The primary carpet backing is made from any suitable material. It may be a conventional woven jute construction. Also, the backing may be made of a nonwoven fibrous mass made of cellulosic or non-cellulosic material including nylon, polyester, and polyolefin. Other fabric backing structures likewise can be used.

A preferred vinylidene chloride polymer latex is available from Dow Chemical Company as DOW Experimental Latex XD-8600.03. Several patents have recently issued relating to flame and smoke retardant vinylidene chloride polymer and copolymer compositions including U.S. Pat. Nos. 3,883,480; 3,883,482; 3,914,201; and 3,922,248. A preferred vinylidene chloride-vinyl chloride copolymer latex may be purchased under the trademark GEONŽ 652 from B. F. Goodrich Chemical Company. Other patents relating to preparation of vinylidene chloride copolymer latices include U.S. Pat. Nos. 3,297,613; 3,297,666; 3,317,450; and 3,962,170.

In the preferred latex-hydrate bonding composition of the present invention, it has been found that an aluminum hydrate will produce the desired result in a very satisfactory manner if proper material ratios are used. It has been determined that if either aluminum hydroxide or hydrated aluminum oxide is used, a bonding composition having a latex to hydrate weight ratio within the range 1:2 to 1:4.5 will produce an excellent fire retardant carpet. More preferably, a latex to hydrate weight ratio within the range 1:2 to 1:4 is used.

As to the manner of introducing the aforesaid zinc oxide or zinc hydroxide into the polyester or polyamide fiber, it may be added to the polymer at the time of polymerization, or it may be blended with the polymer pellets. The concentration of the metal compound in the polymer is preferably 0.1 to 15 percent by weight; more preferably 1 to 12 percent.

In the following examples, parts and percentages employed are by weight unless otherwise indicated.

EXAMPLE 1

A reactor equipped with a heater and stirrer was charged with a mixture of 1,520 parts of e-caprolactam and 80 parts of aminocaproic acid. The mixture was then flushed with nitrogen and was stirred and heated to 255° C. over a one-hour period at atmospheric pressure to produce a polymerization reaction. The heating and stirring was continued at atmospheric pressure under a nitrogen sweep for an additional four hours in order to complete the polymerization. Nitrogen was then admitted to the reactor and a small pressure was maintained while the polymer was extruded from the reactor in the form of a polymer ribbon. The polymer ribbon was subsequently cooled, pelletized, washed and then dried. The polymer was a white solid having a relative viscosity of about 50 to 60 as determined at a concentration of 11 grams of polymer in 100 ml. of 90 percent formic acid at 25° C. (ASTM D-789-62T).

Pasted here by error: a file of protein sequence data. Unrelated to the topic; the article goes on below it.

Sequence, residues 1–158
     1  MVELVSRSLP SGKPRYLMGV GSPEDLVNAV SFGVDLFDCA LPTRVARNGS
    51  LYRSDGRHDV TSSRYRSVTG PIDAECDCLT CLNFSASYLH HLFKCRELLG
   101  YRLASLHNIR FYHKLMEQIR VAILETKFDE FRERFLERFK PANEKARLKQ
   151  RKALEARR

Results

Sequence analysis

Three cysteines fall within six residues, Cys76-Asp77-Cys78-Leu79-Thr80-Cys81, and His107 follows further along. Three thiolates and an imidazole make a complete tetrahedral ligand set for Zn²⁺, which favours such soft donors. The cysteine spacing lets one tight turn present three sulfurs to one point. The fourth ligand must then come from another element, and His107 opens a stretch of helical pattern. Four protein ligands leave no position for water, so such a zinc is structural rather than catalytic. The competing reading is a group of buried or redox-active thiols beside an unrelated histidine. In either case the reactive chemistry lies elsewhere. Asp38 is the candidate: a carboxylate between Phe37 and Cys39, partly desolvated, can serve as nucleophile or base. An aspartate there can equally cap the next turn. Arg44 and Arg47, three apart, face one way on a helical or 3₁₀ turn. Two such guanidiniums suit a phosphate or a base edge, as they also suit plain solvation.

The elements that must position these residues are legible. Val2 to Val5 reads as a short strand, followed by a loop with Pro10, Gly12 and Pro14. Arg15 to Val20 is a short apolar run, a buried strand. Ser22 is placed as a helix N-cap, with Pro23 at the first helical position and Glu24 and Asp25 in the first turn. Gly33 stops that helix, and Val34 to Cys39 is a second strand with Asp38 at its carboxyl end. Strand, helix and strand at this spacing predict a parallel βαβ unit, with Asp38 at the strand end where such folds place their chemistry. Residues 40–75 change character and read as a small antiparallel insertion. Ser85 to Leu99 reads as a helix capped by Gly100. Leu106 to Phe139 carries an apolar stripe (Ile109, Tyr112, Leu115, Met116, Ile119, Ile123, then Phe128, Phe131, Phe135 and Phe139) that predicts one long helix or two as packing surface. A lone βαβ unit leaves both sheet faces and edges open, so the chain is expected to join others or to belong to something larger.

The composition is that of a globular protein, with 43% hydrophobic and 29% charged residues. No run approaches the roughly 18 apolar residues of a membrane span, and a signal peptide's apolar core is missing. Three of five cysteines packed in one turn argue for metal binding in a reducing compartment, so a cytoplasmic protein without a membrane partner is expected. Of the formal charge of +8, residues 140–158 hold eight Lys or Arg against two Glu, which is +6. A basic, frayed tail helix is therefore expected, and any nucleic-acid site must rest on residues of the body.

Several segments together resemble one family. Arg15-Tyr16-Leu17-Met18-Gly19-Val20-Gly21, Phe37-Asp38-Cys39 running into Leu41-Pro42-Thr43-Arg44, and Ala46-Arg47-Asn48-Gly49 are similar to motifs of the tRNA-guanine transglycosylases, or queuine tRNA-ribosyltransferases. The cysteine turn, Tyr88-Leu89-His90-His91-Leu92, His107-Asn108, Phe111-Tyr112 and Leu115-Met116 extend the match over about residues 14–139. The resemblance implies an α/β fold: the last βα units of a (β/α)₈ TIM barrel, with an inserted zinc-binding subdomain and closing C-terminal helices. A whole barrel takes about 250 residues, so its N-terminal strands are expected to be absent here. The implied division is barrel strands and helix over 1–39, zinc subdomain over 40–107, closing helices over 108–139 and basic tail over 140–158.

The polymer pellets were blended with about 6 percent of finely divided zinc oxide in a conventional blender and melt extruded under pressure of 1,500 psig to a 70-orifice spinnerette to produce a fiber having about 3,600 denier. The fiber was collected, drawn at about 3.2 times the extruded length, and textured with a steam jet to produce yarn suitable for use in carpet. This yarn will hereinafter be called Yarn A. A control yarn containing no zinc oxide was prepared in the same manner as described above. This yarn will hereinafter be called Yarn B.

The yarns were then two-plied by twisting two ends together with a 1.5 S twist. The yarns were tufted into a level loop 20 oz./yd.2 carpet at about 8.0 stitch rate. A relatively pliable nonwoven polypropylene fabric was used as the primary backing. Tufting was carried out on a conventional tufting machine operated to give a pile having a height of 5/32to 7/32 inch.

About 8 parts of a 50 percent emulsion of a vinylidene chloride polymer latex (a suitable latex is available from Dow Chemical Company as DOW Experimental Latex XD-8600.03) was mixed with 8 parts of hydrated aluminum oxide to form a binding composition. On a dry basis, the latex-hydrate weight ratio of the binding composition was 1:2. The mixture was then applied onto the fabric described in the preceding paragraph by conventional means at the rate of 32 oz./yd.2 of carpet on a dry basis. With the dilution described, the penetration of the mixture past the backing and into the tufts of the fabric was less than 1/16 inch so that the aesthetic properties of the pile carpet was not impaired. The carpeting was backed with a secondary jute backing and then passed through an oven at about 125° C. to cure the latex on the carpet. The following table compares the carpets made from Yarn A and Yarn B with respect to the distance burned and the critical energy necessary to propagate the flame as measured by the above-described Critical Radiant Flux Test.

______________________________________         Distance     Critical Energy,Carpet System Burned (cm.) Watts/cm.2______________________________________Made with Yarn A         32           0.652Made with Yarn B         64           0.220______________________________________

Clearly, the carpet made with Yarn A was significantly more flame-retardant than the carpet made with Yarn B.

EXAMPLE 2

Control carpets were also prepared from Yarn A and Yarn B in accordance with Example 1 except that a conventional styrene-butadiene rubber (SBR) latex was used instead of the vinylidene chloride polymer (VC) latex of the present invention. The following table compares the resulting carpets with the carpets made in Example 1, using the above-described Critical Radiant Flux Test. In these tests, the standard deviation (σ) of the distance burned was about 1.7 cm. so that a difference of 5 cm. is highly significant.